• Utah State Univ.

  • 2076 N 1200 E

     No. Logan, UT 84341

    Tel. (435) 752-1310
    Fax (435) 752-1357

    Normal Office Hours
    Monday to Friday
    8:00am to 5:00pm


    North Logan is home to a diverse set of plants and animals. However, several species of flora are noxious and even hazardous to humans and animals. Although not an exhaustive list, the following plants are a threat to North Logan City and the Cache Valley environment:


    For more information and pictures, please click on the plant name and picture respectively.

    Class A Weeds

    Early Detection and Rapid Response (EDRR) 
    These species are highly invasive and pose the highest threat.

    Diffuse Knapweed

    Also Known as White Knapweed or Tumble Knapweed

    An invasive biennial plant with a large taproot. The plant can spread through contaminated alfalfa, animals, and as a tumbleweed. Herbicides, biocontrol agents, and tilling can control the weed. Herbicides should be applied during the rosette to pre-bud stage. Native plants should be planted in place of removed Diffuse Knapweed to diminish regrowth.
    The root must be destroyed or the plant will likely reestablish itself.

    Image is in the Public Domain.


    Leafy Spurge

    Also Known as Green Spurge

    A perennial plant which is aggressively invasive to America. Every part of the plant contain a toxic white milky sap which can kill cattle. Seeds can remain viable for at least seven years. Leafy Spurge has a complex, and very large, root system that can propagate the plant even from small pieces of root.
    This weed is extremely difficult to destroy but can be managed with herbicides followed by biocontrol.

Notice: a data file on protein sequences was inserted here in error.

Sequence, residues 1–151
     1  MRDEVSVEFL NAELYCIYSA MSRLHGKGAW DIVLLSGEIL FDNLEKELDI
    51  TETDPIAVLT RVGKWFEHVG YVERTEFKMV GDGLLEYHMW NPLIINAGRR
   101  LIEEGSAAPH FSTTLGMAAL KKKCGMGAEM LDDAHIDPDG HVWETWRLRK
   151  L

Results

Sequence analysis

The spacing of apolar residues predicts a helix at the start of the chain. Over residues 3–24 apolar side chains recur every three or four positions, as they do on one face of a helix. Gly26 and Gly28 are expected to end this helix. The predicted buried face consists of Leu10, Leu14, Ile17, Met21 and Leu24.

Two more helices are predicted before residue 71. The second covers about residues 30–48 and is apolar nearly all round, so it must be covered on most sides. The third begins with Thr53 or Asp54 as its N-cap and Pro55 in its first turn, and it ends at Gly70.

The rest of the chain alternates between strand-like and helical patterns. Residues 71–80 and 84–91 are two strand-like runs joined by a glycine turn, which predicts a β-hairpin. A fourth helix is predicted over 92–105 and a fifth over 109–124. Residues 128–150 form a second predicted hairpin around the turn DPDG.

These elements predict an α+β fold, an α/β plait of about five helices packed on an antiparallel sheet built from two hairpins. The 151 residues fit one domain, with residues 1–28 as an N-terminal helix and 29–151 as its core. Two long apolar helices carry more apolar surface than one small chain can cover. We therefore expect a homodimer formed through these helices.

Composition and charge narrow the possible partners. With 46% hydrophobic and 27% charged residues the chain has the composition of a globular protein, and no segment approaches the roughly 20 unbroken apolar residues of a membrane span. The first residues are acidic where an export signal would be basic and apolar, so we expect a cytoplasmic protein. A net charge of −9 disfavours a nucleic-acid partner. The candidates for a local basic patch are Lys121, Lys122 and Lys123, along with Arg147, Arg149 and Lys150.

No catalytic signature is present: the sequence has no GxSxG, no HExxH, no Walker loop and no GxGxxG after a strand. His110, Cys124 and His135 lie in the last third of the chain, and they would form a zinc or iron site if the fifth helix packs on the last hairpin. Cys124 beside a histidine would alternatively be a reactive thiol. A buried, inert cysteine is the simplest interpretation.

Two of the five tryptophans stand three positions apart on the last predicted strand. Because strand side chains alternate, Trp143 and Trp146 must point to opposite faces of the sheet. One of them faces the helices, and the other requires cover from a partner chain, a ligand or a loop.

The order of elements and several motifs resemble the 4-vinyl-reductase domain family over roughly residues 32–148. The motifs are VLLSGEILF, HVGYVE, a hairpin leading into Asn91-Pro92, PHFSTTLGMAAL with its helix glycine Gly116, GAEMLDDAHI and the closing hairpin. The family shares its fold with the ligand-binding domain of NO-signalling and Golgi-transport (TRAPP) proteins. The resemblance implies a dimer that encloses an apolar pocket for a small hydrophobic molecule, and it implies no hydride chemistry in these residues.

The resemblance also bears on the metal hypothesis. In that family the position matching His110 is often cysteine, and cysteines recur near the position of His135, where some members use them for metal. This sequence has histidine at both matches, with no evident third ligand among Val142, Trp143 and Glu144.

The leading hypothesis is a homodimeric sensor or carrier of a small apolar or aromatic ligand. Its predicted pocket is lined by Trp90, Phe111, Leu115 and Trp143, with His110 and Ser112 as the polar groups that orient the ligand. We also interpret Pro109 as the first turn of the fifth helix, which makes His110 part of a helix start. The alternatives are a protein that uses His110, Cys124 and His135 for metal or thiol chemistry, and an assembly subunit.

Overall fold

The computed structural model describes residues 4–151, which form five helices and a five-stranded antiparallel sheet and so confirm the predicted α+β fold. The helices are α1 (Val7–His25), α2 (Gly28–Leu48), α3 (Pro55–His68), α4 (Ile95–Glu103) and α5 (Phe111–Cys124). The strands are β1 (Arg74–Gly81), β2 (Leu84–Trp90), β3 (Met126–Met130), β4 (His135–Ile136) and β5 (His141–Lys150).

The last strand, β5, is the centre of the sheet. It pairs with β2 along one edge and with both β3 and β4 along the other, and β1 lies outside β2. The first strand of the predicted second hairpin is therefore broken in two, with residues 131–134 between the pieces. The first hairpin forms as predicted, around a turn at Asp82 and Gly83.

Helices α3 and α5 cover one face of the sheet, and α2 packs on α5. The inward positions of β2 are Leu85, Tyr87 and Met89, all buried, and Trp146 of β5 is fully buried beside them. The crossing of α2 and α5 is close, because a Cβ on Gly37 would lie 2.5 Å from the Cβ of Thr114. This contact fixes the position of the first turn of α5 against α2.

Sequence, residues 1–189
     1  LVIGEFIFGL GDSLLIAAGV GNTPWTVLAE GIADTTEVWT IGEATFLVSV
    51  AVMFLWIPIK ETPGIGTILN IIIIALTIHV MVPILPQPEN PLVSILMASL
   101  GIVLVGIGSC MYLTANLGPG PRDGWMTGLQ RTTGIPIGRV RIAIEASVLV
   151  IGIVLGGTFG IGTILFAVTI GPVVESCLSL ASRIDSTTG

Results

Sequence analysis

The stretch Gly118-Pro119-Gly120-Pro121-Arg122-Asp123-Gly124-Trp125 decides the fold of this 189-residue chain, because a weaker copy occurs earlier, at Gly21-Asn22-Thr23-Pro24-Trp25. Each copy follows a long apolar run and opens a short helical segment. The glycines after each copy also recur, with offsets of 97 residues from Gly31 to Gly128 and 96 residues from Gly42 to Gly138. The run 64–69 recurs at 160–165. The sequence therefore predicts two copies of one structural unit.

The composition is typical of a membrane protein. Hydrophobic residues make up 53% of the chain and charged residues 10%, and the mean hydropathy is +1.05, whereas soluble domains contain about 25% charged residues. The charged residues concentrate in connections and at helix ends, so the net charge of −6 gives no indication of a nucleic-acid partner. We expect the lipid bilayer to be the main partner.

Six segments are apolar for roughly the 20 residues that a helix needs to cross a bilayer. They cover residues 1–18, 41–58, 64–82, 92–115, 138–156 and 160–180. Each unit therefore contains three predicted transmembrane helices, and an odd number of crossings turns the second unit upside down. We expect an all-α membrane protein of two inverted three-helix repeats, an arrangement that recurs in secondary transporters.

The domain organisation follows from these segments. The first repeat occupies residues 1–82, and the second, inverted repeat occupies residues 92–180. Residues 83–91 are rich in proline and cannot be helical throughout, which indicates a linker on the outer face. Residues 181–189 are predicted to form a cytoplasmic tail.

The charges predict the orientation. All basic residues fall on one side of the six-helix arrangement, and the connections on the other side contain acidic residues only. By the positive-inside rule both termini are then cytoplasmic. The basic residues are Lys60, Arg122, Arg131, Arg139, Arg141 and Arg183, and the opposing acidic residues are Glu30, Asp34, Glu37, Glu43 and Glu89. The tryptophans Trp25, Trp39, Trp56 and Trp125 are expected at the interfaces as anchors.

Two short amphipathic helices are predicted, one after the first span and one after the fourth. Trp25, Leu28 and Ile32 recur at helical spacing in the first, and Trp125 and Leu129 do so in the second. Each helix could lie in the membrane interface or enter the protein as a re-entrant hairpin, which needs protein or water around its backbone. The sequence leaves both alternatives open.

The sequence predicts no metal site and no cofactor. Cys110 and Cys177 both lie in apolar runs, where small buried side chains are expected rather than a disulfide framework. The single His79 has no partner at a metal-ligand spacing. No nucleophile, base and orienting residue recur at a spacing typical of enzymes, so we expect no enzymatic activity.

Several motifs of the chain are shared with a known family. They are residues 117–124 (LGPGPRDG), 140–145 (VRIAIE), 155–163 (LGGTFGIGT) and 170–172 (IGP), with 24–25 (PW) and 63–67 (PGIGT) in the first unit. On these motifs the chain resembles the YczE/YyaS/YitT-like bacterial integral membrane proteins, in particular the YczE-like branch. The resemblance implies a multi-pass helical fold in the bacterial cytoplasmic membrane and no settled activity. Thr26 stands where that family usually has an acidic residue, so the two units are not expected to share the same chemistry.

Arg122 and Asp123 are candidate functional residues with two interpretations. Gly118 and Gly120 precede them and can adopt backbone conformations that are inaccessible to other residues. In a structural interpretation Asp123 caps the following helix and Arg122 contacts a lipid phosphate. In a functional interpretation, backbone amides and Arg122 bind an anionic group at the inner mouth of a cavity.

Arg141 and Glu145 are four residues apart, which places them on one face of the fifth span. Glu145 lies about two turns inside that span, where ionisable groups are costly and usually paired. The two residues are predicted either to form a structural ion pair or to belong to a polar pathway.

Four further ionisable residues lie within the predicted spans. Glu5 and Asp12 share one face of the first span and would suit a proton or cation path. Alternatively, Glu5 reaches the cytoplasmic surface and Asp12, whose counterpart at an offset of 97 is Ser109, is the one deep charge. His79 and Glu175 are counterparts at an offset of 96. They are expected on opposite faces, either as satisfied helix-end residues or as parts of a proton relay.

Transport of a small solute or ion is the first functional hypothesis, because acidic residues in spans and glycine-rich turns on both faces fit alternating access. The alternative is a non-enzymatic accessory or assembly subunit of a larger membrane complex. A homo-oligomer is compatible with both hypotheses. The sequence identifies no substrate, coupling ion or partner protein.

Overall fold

Photo by Ivar Leidus under the Creative Commons Attribution-Share Alike 3.0 Unportedlicense.

    Purple Loosestrife

    Also Known as Spiked Loosestrife or Purple Lythrum

    This invasive aquatic plant that can cause dramatic water blockage in rivers and canals while crowding out native flora and fauna. The ecological disruption of the this plant comes from its aggressive reproduction through seeds and root systems. 
    Herbicides can offer good control whereas biological control offers excellent means to destroy the plant.

    Photo by Liz West under the Creative Commons Attribution 2.0 Genericlicense.


    Yellow Starthistle

    Also Known as Golden Starthistle, Yellow Cockspur, or Barnaby Thistle

    The Yellow Starthistle is an invasive, thorny weed which eliminates other plants, degrades ecosystems, prevents agricultural grazing, and the movement of indigenous animals. The lack of herbivores which co-evolved with the plant make the star-thistle particularly effective in propagating without control.
    Tillage, chemicals are effective control. Grazing by livestock while the plant is not in its spiny stage are effective ways to control the weed.

    Image is in the Public Domain.

    Class B Weeds

    Noxious weeds which pose a threat to the state and have a hight priority to control.

    Dyer's Woad

    Also Known as the Asp of Jerusalem

    A plant used once for dyeing clothes in Europe, this invasive weed has a tap root of up to 5 feet deep. Heights range from 1 to 4 feet tall with bright yellow flowers.